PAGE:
We, The People, crave realness.
We crave visceral, profound, deep; something savory we can sink our teeth into.
Witnessing others in their “realness” is the greatest driving force of change. It presents an undeniable honesty; a tangible way of existence. It highlights where the work needs to be done. In the current age of social media and public idea sharing, it’s easy to fill up on intellectual fuel. We can regurgitate endless facts, and fight all day from a keyboard on abstract thoughts and idealistic policies.
But what happens when we live it?
What happens when that life we crave, that belief, that quest for justice, is realized?
Two weeks ago, members of The Scarlet Tongue Project gathered at The Dorchester Art Project to host a small intimate show. Makiko, Katia, Creature, Cass and myself were all together in preparation for The Arts Equity Summit, where we would be presenting our intro workshop on Multilingual Anger. After being away from each other for months since our last residency in Mexico City, we were excited to return to what we refer to as The Lab.
The evening was magical. Each artist brought incredible work that dove deep into their particular specialties and areas of focus. We were joined by guest artists Mitzie Gibson ( https://www.mitziegibson.com ) and Pampi (thirdeyefell.com), who felt like they were always meant to be with us. The air was thick with storytelling, secret sharing, and truth spilling. The energy was cozy, raw, vulnerable, unpredictable, and a little tequila wet. It was imperfect, a “work in progress” as Katia joyfully reminds us, but immensely powerful nonetheless.
When taking risks in art, there is absolutely no guarantee that everyone, or anyone, will connect with or understand what you’re doing. For that reason, maturing artists often strive to reach a point of surrender, finding contentment with the possibility that maybe only one person in the crowd will connect and leave inspired.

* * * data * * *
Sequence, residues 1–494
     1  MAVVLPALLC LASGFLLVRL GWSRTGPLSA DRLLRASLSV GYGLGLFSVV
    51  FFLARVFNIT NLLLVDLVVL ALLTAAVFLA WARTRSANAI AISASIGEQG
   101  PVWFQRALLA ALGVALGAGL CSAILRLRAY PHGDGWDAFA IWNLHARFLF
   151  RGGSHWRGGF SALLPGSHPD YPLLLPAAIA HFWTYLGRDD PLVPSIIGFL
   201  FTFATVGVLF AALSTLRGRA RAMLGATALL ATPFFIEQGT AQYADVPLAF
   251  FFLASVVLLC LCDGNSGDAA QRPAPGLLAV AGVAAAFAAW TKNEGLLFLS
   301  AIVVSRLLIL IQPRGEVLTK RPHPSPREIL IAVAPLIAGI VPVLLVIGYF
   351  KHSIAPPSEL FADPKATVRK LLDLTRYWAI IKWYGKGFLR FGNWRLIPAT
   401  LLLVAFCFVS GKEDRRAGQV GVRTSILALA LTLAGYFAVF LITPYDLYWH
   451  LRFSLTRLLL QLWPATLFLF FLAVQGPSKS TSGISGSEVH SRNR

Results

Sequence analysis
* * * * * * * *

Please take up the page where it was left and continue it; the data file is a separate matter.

It really only takes one.
I’ve come to believe at this point in my career that if someone is determined to be critical and dismissive of the art they’re consuming, then that’s beyond my control. Ultimately, we all choose how we wish to accept, reject, and judge the world around us. This is why The Scarlet Tongue Project invites our audience members to explore and choose their own adventures at our events. There are always interactive components outside of the performances, and outside of our requests for respect and consent there are no rules for timing or conduct. We do not wish to be consumed**. We wish to be met, confronted, interacted with, and questioned. We want our audiences to be active in their critical thought. You, dear observer, are responsible for your own experience.
So what happens when you’re sitting in a room watching art that isn’t about you, with the instructions to find a way to have an experience? This is where the magic of co-creation resides. There is no “right thing” to do or think, so your mind becomes aware of itself. Whatever action, whatever thought you have next, you are organically calling yourself into the space as a participating member of the moment being born in front of you. What’s particularly interesting to me is watching men arrange themselves in response to this work.
One would generally assume that if you’re getting a group of women together to present art on intersectional feminism and anger, it’s going to be a man-bashing fest. For that reason, when seeking artists to join this project, I found womxn who reflect anger on a vast number of subjects. It’s important for the world to understand that our emotions and intellect run deeper than how we feel about boys and men, especially as love interests. To not honor that is to dismiss our fullness as humans.
I have had immense trouble with men, beyond my wildest dreams, since the beginning of this project. Men have wanted to make this work about them, demanded that I carve out space for them, or have wanted to shape my affections toward them via “helping” me with this project (then raging out when I say no or don’t thank them enough). Men have sought me out to tell me all of my flaws, highlight my ignorance and stupidity, and even demand that I cast certain people in my film. And yet, I keep the doors open to men, with a progressively clearer understanding that this work refuses to cater to them. With that boundary established, I am absolutely delighted when men attend Scarlet Tongue events. I think that’s a very humble and brave decision to step into such a charged space, where there’s no one who needs saving, and no one willing to fight. To be in our space, men need to discover new paths of thought and conduct that contradict standard conditioning. How that happens is completely on them and not my responsibility. It’s a wonderful hands-off experiment to hold space for.